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Farmers Almanac
The 2014 Farmers Almanac
Farmers' Almanac

Philadelphia Couple Wins Grand Prize

Contacts:

Peter Geiger, Philom., Farmers’ Almanac Editor – 207-755-2246 pgeiger@farmersalmanac.com

Sandi Duncan, Managing Editor – 908-689-0960 – sduncan@farmersalmanac.com

Lewiston, ME – On Feb. 12, 1983, when a record 21-inch snowfall shut down the Philadelphia Inquirer for the first time since the early 1900s, Marianne and Joseph Trovato’s wedding plans were also put on ice. But the couple’s tale of wedding weather woe has a happy ending. Twenty-five years later, after thousands of readers logged onto and voted for the Worst Wedding Weather entry at www.farmersalmanac.com, the couple has won the grand prize for the Farmers’ Almanac Worst Wedding Weather Contest.

The Bensalem, PA couple, who, due to the blizzard had to rescheduled their original wedding date, will soon board a Royal Caribbean Cruise to bask in the sun, and renew their vows.

“The weather is so important during a wedding ceremony, that we decided we should try to give the couples that didn’t have the nicest weather a chance at a sunnier second honeymoon,” said Farmers’ Almanac Editor Peter Geiger, Philom., “thus the idea for our Worst Wedding Weather Contest.”

Over the course of about six months, close to 500 contestants entered Farmers’ Almanac’s official Worst Wedding Weather Contest and shared their soggiest, windiest, most hurricane-hampered and hail-ridden wedding weather sob stories. A panel of Farmers’ Almanac judges then chose the 10 best — that is, the 10 worst — entries. These top ten had their stories published on www.farmersalmanac.com/worstweddingweather/ and between Leap Day, Feb. 29, and St. Patrick’s Day, March 17, visitors to the site could vote for the worst wedding weather story.

Though the competition was tight, readers chose the Trovatos as the couple with the most compelling wedding weather experience. To read their story, and the other finalists, visit www.farmersalmanac.com/worstweddingweather/.

First Runner Up

Stacy and Clifford White, a Petersburg, Ind., couple whose wedding reception was crashed by an F4 tornado, earned enough votes to win them a $500 gift certificate from L.L. Bean and became the Farmers’ Almanac Worst Wedding Weather Contest First Runner Ups.

Second Runner Up

Christine and Otis Hoffmann, a New Braunfels, Texas, couple whose wedding day was marred by heavy flooding, took third place, or second runner up, and won a winning a $125 Visa/Debit card.

“In the spirit of American Idol,” reveals Geiger, “we allowed the top ten finalists to hit the trails and get people to vote for them.” And campaigned they did. Marianne and Joe Trovato were contacted by the Mayor of Bensalem who told them he was going to send an e-mail out to all 200 town employees, asking them to vote for the Trovatos. Two local newspapers and a TV station interviewed the Trovatos, and their local church encouraged votes as well. The Whites and Hoffmanns also gained local press coverage and campaigned long and hard.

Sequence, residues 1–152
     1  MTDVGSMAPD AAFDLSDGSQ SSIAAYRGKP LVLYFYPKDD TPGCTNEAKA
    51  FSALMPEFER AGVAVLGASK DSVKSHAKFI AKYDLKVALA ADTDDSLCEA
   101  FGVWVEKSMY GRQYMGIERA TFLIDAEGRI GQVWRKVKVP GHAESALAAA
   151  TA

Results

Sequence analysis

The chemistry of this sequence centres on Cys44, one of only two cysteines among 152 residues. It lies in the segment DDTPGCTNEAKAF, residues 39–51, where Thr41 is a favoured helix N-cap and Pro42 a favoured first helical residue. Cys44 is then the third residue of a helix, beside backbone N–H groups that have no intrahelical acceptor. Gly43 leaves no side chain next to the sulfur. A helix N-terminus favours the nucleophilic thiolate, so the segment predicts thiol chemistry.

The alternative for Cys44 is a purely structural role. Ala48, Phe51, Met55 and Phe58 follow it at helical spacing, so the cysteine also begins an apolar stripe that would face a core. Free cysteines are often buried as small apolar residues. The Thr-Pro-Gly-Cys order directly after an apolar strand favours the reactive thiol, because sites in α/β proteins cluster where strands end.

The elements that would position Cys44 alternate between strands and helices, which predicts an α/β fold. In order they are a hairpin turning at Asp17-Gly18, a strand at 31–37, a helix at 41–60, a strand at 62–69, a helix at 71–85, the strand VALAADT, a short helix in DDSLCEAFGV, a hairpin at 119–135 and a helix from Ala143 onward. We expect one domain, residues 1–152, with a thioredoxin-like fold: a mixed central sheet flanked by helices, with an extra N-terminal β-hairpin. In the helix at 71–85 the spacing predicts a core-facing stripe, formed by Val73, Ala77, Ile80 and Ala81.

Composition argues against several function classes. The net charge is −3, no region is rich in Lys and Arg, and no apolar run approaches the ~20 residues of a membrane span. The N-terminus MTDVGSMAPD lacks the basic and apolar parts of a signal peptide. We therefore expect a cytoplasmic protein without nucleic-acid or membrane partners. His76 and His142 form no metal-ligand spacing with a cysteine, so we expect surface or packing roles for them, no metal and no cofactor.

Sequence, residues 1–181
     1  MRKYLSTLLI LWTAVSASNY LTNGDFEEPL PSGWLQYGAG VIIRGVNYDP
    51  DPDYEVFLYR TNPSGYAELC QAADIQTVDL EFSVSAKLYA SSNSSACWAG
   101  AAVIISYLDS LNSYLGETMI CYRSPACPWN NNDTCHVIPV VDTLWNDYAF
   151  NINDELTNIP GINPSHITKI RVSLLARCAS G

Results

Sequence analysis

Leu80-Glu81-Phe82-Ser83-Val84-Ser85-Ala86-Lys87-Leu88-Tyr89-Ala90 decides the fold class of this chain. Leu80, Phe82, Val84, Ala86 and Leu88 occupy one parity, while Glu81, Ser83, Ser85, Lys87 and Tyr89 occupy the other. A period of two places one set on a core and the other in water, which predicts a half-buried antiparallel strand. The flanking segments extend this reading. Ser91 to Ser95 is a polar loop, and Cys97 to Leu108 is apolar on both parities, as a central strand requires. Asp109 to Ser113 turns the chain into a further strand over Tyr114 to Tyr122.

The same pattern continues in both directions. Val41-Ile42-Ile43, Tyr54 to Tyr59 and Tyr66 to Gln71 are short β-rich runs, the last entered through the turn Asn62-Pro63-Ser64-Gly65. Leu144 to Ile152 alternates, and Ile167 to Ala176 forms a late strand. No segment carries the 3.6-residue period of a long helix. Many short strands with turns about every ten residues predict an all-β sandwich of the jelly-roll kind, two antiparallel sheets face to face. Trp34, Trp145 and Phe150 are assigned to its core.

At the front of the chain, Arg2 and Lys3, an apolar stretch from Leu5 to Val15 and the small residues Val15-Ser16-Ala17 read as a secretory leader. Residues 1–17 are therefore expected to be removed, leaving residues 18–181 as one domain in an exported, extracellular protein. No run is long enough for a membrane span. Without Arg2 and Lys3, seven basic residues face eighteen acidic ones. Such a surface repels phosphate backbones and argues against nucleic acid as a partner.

“We started with our friends and family,” shares Marianne Trovato, “and then made fliers and campaigned our neighborhood.” When asked what, if any, advice she might have for any February brides-to-be, Marianne suggested brides should “consult the Farmers’ Almanac for its predictions, and then plan accordingly.”

The Farmers’ Almanac is most famous for its accurate long-range weather predictions. Often referred to as a “bride’s best friend,” the Farmers’ Almanac has helped countless brides and grooms pick the best day for their big day for the better part of two centuries.

But sometimes, no matter how much planning and predicting go into a wedding, Mother Nature still sends her regards in not-so-nice ways, and bad weather makes the day even more memorable.

Other finalists included: Jennifer and Dominick Bravata, of Holden, La., whose wedding party was crashed by not just one, but three hurricanes; Christian and Carrie Staehly’s a LaCrescent, Minn. couple, whose wedding day was dampened by a flood; Sarah and John Nicholas, a Chickasha, Okla., whose had not only their wedding day, but also their tropical vow renewal, ruined by heavy rain; Barbara Lynn and Doug Rozenboom, a High Point, N.C., whose wedding day was made chaotic by a visit from Hurricane Fran; Jaclyn and Sean Nally, a Westminster, Mass., couple whose wedding day plans were put on freeze by a freak May snowstorm; Craig and Nancy Jacob, a Spring Lake, Mich., couple whose wedding vacation in paradise felt like an episode of Survivor thanks to Hurricane Iniki; and Nicole and Glen Bruce, a Reeves, La., couple who had the roof of their church ripped off by Hurricane Lili.

If you notice a hole in the upper left-hand corner of your Farmers' Almanac, don't return it to the store! That hole isn't a defect; it's a part of history. Starting with the first edition of the Farmers' Almanac in 1818, readers used to nail holes into the corners to hang it up in their homes, barns, and outhouses (to provide both reading material and toilet paper). In 1910, the Almanac's publishers began pre-drilling holes in the corners to make it even easier for readers to keep all of that invaluable information (and paper) handy.